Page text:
A most able cable
Looking back years at a watershed moment in global communication
HERE’S A SNEAKY trivia question that will have your friends either scratching their heads or cursing you: by how many kilometres did the distance between Europe and North America shrink on July 27, 1866? The answer? 3,429, or 1,852 nautical miles — the length of the first lasting transatlantic submarine telegraph cable, which stretched between Valentia Bay, Ireland, and Heart’s Content, N.L., as shown on this map. When the cable was hauled ashore 150 years ago — as depicted in Robert Dudley’s painting Landing of the Atlantic Cable of 1866 at Heart’s Content, Newfoundland ( above) — it marked a new era of intercontinental communication, one that would see electronic messages cross the ocean at a rate of six to eight words per minute instead of the several days it took letters to do so by ship. The political, commercial and economic implications of the cable were huge, and orchestrating this 19th-century equivalent of being able to send an email was no small feat. Beginning in 1857, multiple attempts had been made, each fruitless. A cable was successfully laid between Ireland and Newfoundland in 1858, but failed after about a month of subpar performance. It would be another eight years before the venture was to succeed. The importance of the cable was such that the map was annotated with the messages exchanged between Queen Victoria and U.S. President Andrew Johnson shortly after the transatlantic link was established. The queen congratulated Johnson, saying that she hoped the cable would “serve as an additional bond of union between” the two nations, and Johnson reciprocated the sentiment. Had Newfoundland joined Confederation less than a year later, the answer might well have been penned by the leader of the newly minted nation where the eastern end of the cable actually ended: Sir John A. Macdonald.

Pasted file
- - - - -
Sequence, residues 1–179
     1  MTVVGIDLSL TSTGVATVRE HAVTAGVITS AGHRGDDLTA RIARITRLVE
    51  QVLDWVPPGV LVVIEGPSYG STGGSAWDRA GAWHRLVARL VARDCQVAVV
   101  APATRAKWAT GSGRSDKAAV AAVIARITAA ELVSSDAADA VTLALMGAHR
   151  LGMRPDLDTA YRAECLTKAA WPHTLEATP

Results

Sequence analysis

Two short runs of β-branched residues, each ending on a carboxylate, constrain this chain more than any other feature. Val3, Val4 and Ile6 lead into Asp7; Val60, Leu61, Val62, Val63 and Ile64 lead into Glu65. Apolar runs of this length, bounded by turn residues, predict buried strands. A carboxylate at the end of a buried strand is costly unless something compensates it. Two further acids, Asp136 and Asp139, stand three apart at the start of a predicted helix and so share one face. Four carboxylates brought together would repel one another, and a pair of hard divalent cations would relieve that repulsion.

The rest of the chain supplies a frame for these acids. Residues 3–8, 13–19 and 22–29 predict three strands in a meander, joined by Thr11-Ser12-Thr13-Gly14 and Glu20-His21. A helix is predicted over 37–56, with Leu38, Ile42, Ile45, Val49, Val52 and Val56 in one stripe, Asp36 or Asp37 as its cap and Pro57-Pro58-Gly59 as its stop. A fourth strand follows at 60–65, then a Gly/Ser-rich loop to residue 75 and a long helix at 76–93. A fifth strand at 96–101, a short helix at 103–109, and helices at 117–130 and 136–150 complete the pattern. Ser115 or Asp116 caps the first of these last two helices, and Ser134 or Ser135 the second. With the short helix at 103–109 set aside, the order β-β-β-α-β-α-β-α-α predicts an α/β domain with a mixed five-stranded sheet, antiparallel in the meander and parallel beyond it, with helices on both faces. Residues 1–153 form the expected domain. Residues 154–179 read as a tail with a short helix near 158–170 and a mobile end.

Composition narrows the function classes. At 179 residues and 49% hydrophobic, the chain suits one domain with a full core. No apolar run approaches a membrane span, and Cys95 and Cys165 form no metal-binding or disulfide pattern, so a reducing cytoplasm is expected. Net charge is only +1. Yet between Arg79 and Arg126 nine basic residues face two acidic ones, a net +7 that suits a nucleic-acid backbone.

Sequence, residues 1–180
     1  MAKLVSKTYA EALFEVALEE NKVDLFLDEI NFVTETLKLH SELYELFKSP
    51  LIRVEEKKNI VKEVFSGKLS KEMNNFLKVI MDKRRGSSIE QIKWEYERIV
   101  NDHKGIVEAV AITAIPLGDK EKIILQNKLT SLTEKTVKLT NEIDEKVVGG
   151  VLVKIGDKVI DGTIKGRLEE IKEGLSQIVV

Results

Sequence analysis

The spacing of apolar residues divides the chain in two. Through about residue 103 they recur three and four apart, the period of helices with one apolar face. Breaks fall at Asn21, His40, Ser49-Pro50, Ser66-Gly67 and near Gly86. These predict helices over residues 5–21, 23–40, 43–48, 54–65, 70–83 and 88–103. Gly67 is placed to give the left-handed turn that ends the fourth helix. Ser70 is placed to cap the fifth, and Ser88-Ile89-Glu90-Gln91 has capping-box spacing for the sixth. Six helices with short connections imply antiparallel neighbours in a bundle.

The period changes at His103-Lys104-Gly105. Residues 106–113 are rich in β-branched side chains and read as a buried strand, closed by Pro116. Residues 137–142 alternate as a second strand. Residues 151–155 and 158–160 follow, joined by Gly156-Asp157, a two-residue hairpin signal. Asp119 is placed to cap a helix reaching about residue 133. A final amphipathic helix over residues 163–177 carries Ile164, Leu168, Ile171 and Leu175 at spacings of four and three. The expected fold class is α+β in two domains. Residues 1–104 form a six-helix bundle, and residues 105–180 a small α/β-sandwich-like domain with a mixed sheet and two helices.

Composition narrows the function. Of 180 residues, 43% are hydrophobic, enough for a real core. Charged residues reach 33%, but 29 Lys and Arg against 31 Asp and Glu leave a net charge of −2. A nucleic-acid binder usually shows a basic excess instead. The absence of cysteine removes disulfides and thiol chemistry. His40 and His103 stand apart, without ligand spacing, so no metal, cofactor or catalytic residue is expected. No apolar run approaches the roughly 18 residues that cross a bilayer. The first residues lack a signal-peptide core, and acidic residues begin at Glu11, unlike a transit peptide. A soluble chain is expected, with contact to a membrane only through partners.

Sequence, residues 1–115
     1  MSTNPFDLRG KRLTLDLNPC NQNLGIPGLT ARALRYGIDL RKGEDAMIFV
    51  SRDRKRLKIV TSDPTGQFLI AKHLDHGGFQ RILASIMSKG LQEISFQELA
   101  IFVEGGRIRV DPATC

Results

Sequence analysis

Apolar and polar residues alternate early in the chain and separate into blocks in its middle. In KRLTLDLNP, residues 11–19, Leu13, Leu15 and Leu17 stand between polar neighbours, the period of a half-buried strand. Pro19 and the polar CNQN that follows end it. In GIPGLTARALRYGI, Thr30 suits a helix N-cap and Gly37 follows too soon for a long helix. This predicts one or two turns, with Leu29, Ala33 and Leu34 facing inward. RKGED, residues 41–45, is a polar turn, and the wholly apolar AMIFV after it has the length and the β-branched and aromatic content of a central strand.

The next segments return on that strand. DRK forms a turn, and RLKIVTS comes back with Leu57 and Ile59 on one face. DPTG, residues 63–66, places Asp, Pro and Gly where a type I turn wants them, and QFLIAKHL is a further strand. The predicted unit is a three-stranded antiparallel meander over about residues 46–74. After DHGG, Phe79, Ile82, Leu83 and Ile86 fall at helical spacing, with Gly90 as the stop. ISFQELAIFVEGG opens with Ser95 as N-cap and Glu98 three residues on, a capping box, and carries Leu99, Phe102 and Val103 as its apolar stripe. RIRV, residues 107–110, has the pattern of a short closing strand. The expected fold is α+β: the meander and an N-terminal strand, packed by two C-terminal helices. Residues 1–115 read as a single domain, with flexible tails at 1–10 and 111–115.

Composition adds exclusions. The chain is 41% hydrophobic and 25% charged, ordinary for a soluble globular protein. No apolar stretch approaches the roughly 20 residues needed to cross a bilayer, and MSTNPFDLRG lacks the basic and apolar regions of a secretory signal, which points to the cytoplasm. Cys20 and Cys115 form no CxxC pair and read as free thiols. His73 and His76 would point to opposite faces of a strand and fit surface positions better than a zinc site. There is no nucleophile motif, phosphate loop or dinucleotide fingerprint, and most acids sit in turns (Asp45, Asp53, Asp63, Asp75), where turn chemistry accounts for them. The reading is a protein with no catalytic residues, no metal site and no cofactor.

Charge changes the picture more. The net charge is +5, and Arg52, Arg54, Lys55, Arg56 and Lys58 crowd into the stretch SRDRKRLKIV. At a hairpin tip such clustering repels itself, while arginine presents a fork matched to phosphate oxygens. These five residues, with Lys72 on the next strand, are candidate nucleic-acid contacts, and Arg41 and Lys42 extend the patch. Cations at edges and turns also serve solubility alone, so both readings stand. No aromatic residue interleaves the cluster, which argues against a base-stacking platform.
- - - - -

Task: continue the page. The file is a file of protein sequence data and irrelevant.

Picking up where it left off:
*with files from Isabelle Charron, early cartographic archivist, Library and Archives Canada